Last updated: The first rule of B2B sales success: Know your customer

The first rule of B2B sales success: Know your customer

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The B2B world has experienced tremendous change in the past few years, including a massive shift in buyer expectations. Today’s B2B customers want it all – a better overall buyer experience plus more control, flexibility, channels, and support.

In a survey conducted by Harvard Business Review Analytic Services, 79% of respondents said buyer expectations have undergone moderate or significant change.

Savvy companies are trying to deliver what buyers want. In fact, 72% of the survey respondents reported that they’ve adjusted their B2B sales strategies since 2020.

Yet for most companies, these adjustments aren’t enough. Only half of the survey respondents said that their organizations have been successful in meeting customer expectations. That isn’t very encouraging.

What keeps B2B companies from meeting buyer demands? Here are the top three key challenges:

  • Gaining a complete understanding of buyers
  • Empowering sellers and managing complexity
  • Automating processes to reduce friction

How B2B companies can better understand prospective customers? How can they adapt to meet their needs?


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Digital natives want it their way

More than ever, companies need to know who their buyers are and what they want. The demographics of B2B sales are changing, with a growing number of millennials and Gen Z taking over buyer and influencer roles in many enterprises.

These customers tend to be digital natives who prioritize autonomy and control. And many of these buyers prefer a hands-off buying experience. They’d rather engage with suppliers using digital and self-service channels.

In response, leading companies are developing omnichannel sales strategies that give buyers a choice of communication methods, including:

  1. Face-to-face
  2. Telephone
  3. Videoconferencing
  4. Self-service online options
  5. Social media
  6. Apps

But it’s not just about having a lot of sales channels. In order to be effective, the channels must share data so that buyers can access information, communicate with suppliers, and have a good experience from any touch point.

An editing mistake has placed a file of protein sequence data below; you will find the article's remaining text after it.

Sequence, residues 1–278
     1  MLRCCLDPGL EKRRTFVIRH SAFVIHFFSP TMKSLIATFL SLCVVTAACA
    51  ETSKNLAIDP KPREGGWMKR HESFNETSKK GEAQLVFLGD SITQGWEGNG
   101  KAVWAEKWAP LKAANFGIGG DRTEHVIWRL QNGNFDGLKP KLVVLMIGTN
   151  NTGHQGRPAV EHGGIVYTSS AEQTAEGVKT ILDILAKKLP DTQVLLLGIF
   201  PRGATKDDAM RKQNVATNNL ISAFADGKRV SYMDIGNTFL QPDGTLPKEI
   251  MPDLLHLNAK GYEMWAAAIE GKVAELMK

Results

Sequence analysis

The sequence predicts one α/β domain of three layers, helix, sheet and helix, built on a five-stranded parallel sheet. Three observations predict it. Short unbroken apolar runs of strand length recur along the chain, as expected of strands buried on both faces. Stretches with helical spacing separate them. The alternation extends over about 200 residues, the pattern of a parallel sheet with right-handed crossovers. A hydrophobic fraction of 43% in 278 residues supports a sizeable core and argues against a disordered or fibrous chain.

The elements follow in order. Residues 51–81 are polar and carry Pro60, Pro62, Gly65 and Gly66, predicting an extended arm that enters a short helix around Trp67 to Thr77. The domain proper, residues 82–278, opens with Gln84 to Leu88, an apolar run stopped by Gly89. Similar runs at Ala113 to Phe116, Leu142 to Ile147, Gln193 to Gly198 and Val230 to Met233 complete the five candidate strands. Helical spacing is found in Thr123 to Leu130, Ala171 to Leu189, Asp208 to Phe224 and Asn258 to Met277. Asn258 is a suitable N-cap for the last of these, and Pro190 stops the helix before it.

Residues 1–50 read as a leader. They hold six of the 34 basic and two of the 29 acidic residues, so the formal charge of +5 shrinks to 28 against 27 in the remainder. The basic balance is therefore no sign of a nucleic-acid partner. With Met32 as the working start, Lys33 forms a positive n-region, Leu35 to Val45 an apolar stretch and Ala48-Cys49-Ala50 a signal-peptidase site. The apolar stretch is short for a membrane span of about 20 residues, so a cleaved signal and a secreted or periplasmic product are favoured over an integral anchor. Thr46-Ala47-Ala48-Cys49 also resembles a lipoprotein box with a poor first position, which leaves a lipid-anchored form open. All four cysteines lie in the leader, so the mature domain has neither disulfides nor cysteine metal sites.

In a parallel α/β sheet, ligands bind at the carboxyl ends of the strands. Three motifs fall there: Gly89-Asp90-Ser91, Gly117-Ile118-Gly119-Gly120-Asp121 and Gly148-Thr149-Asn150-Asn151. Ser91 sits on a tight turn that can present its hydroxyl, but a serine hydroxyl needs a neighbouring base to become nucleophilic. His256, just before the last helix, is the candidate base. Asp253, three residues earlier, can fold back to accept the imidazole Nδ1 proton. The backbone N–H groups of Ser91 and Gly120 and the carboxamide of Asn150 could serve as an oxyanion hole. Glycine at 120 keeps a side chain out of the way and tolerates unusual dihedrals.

Make every customer interaction count

Digital natives tend to do research, learn about products, and read reviews before they talk to your sales reps. Your first communication with one of these buyers may occur when they are well into their buying journey. Knowing where customers are in their journeys is essential to communicating effectively, without wasting their time.

Once customers make a purchase, they expect to receive orders quickly. They also want suppliers to remain available to them after the sale.

In the survey, nearly half of respondents said they want post-sale services and support from vendors. More than a third of respondents also indicated a desire for products delivered as a service – whether through a lease, subscription, or a consumption-based service.

Top B2B companies are building on the need for customer knowledge and service. By collecting and aggregating customer data, they can help sales and service reps instantly know critical information about the customer’s previous contact with the company, preferences, purchases, and complaints.

This knowledge can help reps personalize and streamline customer interaction, creating better results and a more satisfying experience for buyers.

Listen up: Customer knowledge is power

B2B customers expect you to make it easy for them to buy your products or services. The best way to do that is to understand what buyers want and how they prefer to interact with your company.

For some companies, this may require further change. You may need to update the role of sales representatives from simply selling products to diagnosing and solving customers’ complex challenges. Or you may need to revise your sales models and processes to better match the way that buyers want to do business.

I recently heard one customer relationship pro say that the number of digital interactions at his manufacturing company grew by triple digits since the pandemic, yet the actual time speaking with customers declined. This initially seemed counterintuitive to the company’s seasoned sales pros. Yet by embracing buyer preferences, the company satisfied its customers and boosted its results.

Although change can be difficult, B2B companies must follow the path.

Enterprises that fail to develop an intimate, dynamic understanding of their customers won’t be able to meet their needs or develop innovative solutions to pressing business issues. And digitally native customers who feel that they are being “sold to” – instead of truly heard and understood – will inevitably pivot to suppliers who meet their needs.

By listening to your customers, you can reshape B2B sales and create a brighter future for your business.

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Better outcomes.

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